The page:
Most cyber threats never really die, they just evolve. Some become more dangerous and sophisticated, some morph into new threats and others become more manageable over time. More frequently, new threats surface that require different controls and mitigation approaches. So it is with the collection of threats confronting enterprises this year.
The Ransomware Scourge
The success that threat actors have enjoyed in extorting money from individuals and businesses via ransomware is certain to fuel more sophisticated and targeted attacks this year on desktop and mobile systems.
In 2016, cyber criminals increasingly began using spear-phishing, malware kits and watering hole attacks for distributing ransomware. Malware samples became a lot more potent with Mamba and Petya fully encrypting hard disks on infected systems for the first time. Barriers to entry all but disappeared with the growing availability of do-it-yourself ransomware kits and ransomware as a service business options.
The full effects of these trends will play out this year, as more cyber criminals – emboldened by the success of their peers – join the feeding frenzy. Surreal as it may sound to many security executives, organizations will need to implement formal processes for dealing with the aftermath of a ransomware incident. Policies regarding whether or not to entertain ransom demands will need to factor in the possibility that extortionists may not free the date they locked up even after they have been paid.
Meanwhile, best practices for protecting your network from ransomware include regular data backups, leveraging file sync and share technologies, configuring least-privilege access controls, application whitelisting, stringent spam and phishing email filtering, and network segmentation.
IoT: Internet of Things, or Internet of Threats?
The Mirai botnet attacks last year highlighted the massive threat posed to organizations by security vulnerabilities in the countless products that people and businesses have begun connecting to the Internet these days. Expect to see cyber criminals probe these vulnerabilities to try and gain access to enterprise networks or to launch denial of service attacks and other malicious campaigns.
A couple of factors exacerbate the situation. Many organizations continue to be dangerously unaware of the IoT devices on their networks and, therefore, the extent of their exposure to IoT-borne threats. Vulnerable IoT devices – especially those designed for consumer use – are also not always easy to patch and will continue to present an opportunity for hackers until the devices are replaced.
Among the IoT attacks to watch out for this year will be those that seek to compromise industrial control and manufacturing systems, healthcare devices, and production systems. Disruption and damage will be big objectives in many IoT attacks. IoT monitoring and connection security will assume increased importance for organizations as a result of these threats.
Best practices for IoT security are still emerging, but organizations should be considering issues such as who takes ownership of IoT risks, secure configuration of IoT devices and IoT connection security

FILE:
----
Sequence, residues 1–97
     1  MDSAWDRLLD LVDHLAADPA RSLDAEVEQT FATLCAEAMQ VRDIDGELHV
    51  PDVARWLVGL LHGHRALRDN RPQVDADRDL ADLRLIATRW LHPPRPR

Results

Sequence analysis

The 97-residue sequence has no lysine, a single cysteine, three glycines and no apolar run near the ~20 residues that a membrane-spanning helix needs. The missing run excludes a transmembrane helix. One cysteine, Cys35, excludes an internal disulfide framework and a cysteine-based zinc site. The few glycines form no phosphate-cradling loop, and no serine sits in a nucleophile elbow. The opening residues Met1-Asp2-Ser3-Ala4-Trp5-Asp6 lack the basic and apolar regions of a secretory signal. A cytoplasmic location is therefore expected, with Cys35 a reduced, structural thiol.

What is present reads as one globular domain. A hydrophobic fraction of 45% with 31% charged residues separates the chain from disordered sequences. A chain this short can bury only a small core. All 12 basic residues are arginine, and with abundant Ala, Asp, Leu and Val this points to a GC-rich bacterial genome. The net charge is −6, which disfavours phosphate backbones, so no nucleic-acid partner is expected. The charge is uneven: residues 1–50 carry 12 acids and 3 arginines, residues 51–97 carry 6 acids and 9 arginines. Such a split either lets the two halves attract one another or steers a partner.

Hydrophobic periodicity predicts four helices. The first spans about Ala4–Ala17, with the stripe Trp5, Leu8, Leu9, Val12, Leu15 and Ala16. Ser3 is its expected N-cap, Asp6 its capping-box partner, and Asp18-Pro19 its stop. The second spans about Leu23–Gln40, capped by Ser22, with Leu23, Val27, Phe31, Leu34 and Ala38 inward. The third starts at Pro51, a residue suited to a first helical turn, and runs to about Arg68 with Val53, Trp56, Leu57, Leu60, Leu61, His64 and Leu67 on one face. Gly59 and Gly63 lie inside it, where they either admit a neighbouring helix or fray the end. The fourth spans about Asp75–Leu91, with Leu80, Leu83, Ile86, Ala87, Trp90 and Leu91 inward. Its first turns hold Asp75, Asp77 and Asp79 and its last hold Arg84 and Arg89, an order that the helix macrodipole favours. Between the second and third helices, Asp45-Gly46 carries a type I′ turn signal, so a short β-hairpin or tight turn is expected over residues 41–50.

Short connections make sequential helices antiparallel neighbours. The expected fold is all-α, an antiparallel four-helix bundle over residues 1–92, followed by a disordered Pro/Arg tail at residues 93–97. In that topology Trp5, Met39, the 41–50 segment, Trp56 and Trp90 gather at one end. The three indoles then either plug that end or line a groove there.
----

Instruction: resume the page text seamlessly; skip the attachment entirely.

Terabit-scale Distributed Denial of Service Attacks
If the attacks on DNS service provider Dyn and French ISP OVH late last year are any indication, distributed denial of service (DDoS) attacks will get bigger and harder to mitigate in 2017. Both the attacks reportedly generated traffic in the 1 Tbps range, making them the largest ever DDoS attacks to date.
Look for more such attacks in 2017, both in terms of scale and sheer volume.
A couple of factors will drive the trend. The first, of course, is IoT vulnerabilities. As the Mirai attacks showed, vulnerable webcams, routers and other IoT devices can easily be assembled into massive botnets for launching terabit-scale DDoS attacks.
The other big factor is the easy availability of malware code for assembling IoT botnets. Soon after the attacks on Dyn and others last year, the author or authors of Mirai publicly released the code behind the malware. This move all but guaranteed an increase in volumetric-, protocol- and application level-DDoS attacks this year.
Best practices such as decentralizing data centers and data center networks, ramping up bandwidth and using DDoS mitigation services will become increasingly important this year as a result of these trends.
The attacks on the Democratic National Committee (DNC) website and on electronic voting systems in Arizona and Illinois in the months leading up to the 2016 Presidential election served as an eye-opener on the use of cyber for information warfare.
The attacks raised substantial questions about the integrity of the U.S. electoral system and the potential role of a foreign nation in influencing the outcome of a U.S. presidential race.
The ripple effects of those attacks will be felt this year as the U.S. and its adversaries try to shore up their offensive capabilities in cyberspace. Topics such as cyber deterrence, attribution, and response will assume more importance, as will the use of social media networks for information manipulation and fake news dissemination.
Enterprises will need to pay attention to these developments. Organizations that sell to government or support them can come under attack by nation-state actors or they could be targeted for intelligence gathering and espionage purposes.
As 2017 security strategies are crafted and updated throughout the year, it's important to know the risks of ransomware, IoT, DDoS and information warfare and understand the repercussions that can arise if proper security is not taken. Working with a Managed Service Provider for security options like Security Information and Event Management can help to detect and react in a number of minutes against these threats.
Have you been personally affected by a cyberattack? What do you do to prevent an attack from happening? Let us know in the comments.